In June 2021, five workers of Velioya Estate in Hatton were arrested after protesting for government-allocated food relief during a COVID-19 lockdown. The Velioya Estate workers were not provided with any food relief. Ten workers, as well as a schoolteacher, a Ceylon Transport Board bus conductor and a samurdhi (government welfare) worker, all living in the same estate, face a trial over their protest.

On September 29, 2021, Katukelle Estate workers struck in protest against the victimisation of P. Ponnirselvi, a female worker. They demonstrated near the estate’s tea factory. After an altercation between strikers and estate officials, the police arrested 11 workers. They were released on harsh bail conditions and face a court trial.

Victimised Katukelle estate workers on their way home after being released on October 7, but subjected to harsh bail conditions.

The plantation trade unions, which also function as political parties, are aligned with Sri Lanka’s capitalist parties. Their leaders are given ministerial posts, enjoying perks and privileges for their service to the state. Exploiting workers votes during elections, these organisations support and impose government policies attacking their members’ social and democratic rights.

These unions all support the International Monetary Fund austerity measures being implemented by the regime of President Ranil Wickremesinghe, drastically impacting on workers living conditions. They also back estate management demands for higher productivity and wage cuts.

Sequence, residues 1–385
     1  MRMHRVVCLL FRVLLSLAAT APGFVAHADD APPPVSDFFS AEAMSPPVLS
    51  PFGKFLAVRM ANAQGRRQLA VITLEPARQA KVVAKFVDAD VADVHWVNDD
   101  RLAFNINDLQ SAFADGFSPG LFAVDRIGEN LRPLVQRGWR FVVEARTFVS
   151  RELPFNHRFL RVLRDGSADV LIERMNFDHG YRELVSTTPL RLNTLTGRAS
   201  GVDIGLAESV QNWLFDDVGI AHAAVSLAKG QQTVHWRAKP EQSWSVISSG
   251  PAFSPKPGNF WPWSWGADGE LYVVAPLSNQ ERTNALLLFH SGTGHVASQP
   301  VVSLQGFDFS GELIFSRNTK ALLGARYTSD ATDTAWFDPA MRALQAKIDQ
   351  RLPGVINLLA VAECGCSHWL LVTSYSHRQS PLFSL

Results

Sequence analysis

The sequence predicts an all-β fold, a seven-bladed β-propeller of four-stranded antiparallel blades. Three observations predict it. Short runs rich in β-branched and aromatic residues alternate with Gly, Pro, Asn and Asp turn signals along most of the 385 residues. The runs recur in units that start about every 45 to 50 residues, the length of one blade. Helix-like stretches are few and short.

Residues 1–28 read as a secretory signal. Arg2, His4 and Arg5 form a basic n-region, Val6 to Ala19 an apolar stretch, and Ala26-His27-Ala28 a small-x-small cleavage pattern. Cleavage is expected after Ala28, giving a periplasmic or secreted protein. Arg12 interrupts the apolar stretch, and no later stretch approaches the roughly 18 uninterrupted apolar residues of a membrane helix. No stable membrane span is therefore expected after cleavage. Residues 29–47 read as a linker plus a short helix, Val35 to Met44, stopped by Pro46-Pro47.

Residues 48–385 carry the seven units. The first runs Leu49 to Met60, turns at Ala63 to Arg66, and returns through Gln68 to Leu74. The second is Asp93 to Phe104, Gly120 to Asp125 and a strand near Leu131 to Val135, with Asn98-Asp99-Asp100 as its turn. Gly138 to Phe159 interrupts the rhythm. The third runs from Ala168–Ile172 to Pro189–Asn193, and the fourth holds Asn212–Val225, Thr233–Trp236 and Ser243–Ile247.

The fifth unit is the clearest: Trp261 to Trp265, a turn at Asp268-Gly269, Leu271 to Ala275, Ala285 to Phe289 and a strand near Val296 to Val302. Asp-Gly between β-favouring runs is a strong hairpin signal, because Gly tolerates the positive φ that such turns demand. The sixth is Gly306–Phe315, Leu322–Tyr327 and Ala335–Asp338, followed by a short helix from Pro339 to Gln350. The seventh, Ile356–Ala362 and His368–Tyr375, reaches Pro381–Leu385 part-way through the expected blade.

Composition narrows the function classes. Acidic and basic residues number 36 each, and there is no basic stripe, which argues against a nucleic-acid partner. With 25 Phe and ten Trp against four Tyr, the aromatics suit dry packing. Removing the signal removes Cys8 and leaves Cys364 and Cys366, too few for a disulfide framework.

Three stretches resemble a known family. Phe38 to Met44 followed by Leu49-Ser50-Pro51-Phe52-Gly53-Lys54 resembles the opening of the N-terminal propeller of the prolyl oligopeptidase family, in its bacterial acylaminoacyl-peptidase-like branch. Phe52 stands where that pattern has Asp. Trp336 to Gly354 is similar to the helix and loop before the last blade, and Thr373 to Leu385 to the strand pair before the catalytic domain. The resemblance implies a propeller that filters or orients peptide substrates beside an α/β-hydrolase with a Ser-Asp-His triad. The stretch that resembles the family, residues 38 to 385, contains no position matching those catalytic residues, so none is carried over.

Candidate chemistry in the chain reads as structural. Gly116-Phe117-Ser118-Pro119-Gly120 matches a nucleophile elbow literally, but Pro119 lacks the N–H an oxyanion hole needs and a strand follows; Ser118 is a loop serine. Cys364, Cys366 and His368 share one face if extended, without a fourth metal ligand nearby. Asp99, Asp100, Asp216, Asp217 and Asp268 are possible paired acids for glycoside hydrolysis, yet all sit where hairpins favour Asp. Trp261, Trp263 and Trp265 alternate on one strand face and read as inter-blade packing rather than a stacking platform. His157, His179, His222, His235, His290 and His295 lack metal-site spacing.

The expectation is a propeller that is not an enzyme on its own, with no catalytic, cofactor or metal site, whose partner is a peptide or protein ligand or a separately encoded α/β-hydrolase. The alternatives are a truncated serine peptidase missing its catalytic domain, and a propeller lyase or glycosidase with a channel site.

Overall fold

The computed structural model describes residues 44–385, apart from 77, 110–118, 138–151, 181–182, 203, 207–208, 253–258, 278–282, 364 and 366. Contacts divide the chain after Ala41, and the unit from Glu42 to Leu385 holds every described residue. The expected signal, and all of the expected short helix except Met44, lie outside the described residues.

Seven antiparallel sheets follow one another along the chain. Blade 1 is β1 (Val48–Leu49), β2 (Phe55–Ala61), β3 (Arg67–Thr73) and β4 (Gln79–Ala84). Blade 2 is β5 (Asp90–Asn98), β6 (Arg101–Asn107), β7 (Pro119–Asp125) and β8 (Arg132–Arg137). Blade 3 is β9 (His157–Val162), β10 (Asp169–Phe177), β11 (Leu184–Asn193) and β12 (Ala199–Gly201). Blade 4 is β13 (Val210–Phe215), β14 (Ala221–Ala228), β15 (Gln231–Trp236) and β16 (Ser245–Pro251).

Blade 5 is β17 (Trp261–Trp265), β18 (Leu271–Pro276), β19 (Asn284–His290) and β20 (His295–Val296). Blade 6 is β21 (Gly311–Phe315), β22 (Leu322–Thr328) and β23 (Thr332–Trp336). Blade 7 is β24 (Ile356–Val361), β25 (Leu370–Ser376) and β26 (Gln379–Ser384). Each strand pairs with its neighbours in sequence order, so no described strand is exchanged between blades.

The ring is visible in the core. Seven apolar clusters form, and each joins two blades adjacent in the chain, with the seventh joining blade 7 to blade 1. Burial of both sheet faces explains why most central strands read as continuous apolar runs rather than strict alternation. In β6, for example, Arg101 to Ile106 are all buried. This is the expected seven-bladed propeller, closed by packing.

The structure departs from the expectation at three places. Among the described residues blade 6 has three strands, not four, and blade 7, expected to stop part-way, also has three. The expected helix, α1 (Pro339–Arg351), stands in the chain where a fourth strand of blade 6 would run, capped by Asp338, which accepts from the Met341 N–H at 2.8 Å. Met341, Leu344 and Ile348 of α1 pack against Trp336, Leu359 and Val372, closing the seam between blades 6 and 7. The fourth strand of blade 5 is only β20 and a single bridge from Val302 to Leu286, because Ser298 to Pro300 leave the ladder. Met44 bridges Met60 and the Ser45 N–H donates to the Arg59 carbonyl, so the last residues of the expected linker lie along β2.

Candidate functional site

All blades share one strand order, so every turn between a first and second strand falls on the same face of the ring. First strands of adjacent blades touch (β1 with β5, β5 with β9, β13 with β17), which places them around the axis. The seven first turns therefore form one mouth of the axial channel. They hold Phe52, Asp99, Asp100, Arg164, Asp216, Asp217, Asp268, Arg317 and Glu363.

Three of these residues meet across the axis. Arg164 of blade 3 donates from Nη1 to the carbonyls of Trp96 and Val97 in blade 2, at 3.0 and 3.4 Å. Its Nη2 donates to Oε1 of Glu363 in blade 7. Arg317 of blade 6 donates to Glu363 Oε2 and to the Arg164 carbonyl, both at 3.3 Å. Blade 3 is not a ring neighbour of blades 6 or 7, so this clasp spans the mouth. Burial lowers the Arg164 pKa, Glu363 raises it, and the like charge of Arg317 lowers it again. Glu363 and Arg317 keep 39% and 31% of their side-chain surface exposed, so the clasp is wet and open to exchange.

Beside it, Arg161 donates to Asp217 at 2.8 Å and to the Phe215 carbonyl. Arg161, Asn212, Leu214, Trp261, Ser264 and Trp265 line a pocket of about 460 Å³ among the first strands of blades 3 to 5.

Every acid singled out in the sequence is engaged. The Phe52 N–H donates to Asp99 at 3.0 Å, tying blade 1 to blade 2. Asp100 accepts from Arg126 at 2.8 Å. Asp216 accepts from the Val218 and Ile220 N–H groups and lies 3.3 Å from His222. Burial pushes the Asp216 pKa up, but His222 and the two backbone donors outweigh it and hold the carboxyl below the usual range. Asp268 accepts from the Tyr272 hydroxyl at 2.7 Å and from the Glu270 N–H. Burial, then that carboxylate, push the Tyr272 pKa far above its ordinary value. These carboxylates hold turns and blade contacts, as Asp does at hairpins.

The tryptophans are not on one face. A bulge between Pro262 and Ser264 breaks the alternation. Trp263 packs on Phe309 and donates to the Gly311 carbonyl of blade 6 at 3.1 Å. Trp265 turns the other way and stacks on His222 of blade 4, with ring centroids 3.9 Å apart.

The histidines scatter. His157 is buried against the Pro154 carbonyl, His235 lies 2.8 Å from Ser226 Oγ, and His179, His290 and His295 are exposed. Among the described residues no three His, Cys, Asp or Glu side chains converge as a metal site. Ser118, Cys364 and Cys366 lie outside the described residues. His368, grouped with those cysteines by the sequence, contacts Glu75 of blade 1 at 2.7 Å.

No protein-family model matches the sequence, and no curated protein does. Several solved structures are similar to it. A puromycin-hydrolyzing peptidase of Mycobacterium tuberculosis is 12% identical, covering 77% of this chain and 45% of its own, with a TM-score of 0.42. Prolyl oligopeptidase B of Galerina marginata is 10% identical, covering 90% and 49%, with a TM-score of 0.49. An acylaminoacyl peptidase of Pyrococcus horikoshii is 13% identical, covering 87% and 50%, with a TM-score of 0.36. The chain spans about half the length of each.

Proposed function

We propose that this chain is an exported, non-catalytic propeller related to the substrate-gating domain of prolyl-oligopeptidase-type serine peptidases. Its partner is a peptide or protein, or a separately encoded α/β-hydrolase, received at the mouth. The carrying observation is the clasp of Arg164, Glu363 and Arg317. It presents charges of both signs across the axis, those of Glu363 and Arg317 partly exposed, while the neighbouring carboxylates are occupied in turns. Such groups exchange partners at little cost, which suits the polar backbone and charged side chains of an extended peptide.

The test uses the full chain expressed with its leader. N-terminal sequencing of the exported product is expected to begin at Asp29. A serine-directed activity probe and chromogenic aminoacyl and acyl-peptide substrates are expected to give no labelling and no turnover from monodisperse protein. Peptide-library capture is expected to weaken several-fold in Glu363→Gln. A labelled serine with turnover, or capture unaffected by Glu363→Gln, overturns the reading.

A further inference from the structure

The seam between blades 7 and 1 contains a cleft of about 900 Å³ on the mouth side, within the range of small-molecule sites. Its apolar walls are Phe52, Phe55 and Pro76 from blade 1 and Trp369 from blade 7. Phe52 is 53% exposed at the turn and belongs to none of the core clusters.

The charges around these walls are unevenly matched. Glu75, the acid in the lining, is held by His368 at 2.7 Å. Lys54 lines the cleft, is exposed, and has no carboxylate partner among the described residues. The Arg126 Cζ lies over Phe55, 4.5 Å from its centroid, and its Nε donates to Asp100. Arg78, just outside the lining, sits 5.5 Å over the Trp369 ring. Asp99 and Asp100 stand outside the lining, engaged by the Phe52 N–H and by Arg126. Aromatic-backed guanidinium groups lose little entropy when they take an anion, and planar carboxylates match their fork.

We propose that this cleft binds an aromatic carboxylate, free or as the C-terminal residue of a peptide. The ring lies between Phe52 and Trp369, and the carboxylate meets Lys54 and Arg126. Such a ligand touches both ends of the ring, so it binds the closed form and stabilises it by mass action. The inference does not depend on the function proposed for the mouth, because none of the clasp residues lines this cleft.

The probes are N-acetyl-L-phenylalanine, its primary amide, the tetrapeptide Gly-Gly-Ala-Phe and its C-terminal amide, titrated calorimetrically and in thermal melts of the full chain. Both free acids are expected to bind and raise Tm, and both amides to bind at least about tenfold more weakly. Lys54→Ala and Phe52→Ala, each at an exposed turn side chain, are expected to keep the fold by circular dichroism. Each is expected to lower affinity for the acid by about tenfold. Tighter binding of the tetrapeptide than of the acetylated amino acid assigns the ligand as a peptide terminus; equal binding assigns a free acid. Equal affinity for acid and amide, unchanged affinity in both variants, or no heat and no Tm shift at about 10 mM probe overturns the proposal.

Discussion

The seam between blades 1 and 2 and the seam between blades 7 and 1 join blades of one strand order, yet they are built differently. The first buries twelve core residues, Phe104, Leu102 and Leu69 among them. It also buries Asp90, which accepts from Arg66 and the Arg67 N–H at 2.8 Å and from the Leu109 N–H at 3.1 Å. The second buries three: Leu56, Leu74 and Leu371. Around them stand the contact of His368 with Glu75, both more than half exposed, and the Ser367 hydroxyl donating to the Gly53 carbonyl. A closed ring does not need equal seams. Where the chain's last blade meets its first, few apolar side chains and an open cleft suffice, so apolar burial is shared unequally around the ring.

Addressing parliament on March 10, CWC leader Jeevan Thondaman, who is Wickremesinghe’s infrastructure minister, denounced workers taking action against the government’s social attacks. “These struggles,” he declared, “should not be allowed because they are a conspiracy to overthrow the government.”

Alton Estate workers, with Socialist Equality Party support, have established an action committee independent of the trade union bureaucracy. They have initiated a campaign to demand an end to the ongoing persecution of those who were arrested and for the immediate reinstatement of all sacked workers.

As a statement issued by the Plantation Workers Action Committee on February 6 declared:

“The witch-hunting of Alton, Velioya and Katukelle workers has been endorsed by the Ceylon Workers Congress (CWC), the National Union of Workers (NUW) and the Up-Country People’s Front. These, and all the other plantation trade unions, have rejected any fight to defend these workers…

“We are not responsible for the economic predicament of the tea industry, which is a product of the crisis of capitalism. Having toiled for generations while facing social misery, we are the real producers of the massive profits accumulated by the tea companies. Our living conditions have deteriorated even further as a result of the austerity measures being implemented by the current Wickremesinghe government on the orders of the International Monetary Fund.

“Our campaign for the withdrawal of all the frame-up charges and the immediate reinstatement of all sacked workers is inseparably connected to the defence of the democratic rights of the working class as a whole.

“We appeal to all workers to build this defence campaign by sending letters and emails to the address below demanding the reinstatement of all those victimised and the withdrawal of all police charges.

“Please send copies of your letters and emails to the PACSL (Plantation Action Committee of Sri Lanka) and contact us to take forward this fight. We plan to hold major meetings in the plantations and other parts of Sri Lanka to build support for this campaign.”

We urge workers, youth, students and others to support this fight. Letters can be sent to:

Attorney General
Mr. Sanjay Rajaratnam
No. 159, Hulftsdorp, Colombo 12. 
Email: administration@attorneygeneral.gov.lk

Secretary, Ministry of Public Security
Mr. P.V. Gunatillake
Email: civilsecurity@defence.lk

Inspector General of Police
Mr. C. D. Wickramaratne
Email: telligp@police.lk

Send copies to the SLPAC:
Email: plantationacsl@gmail.com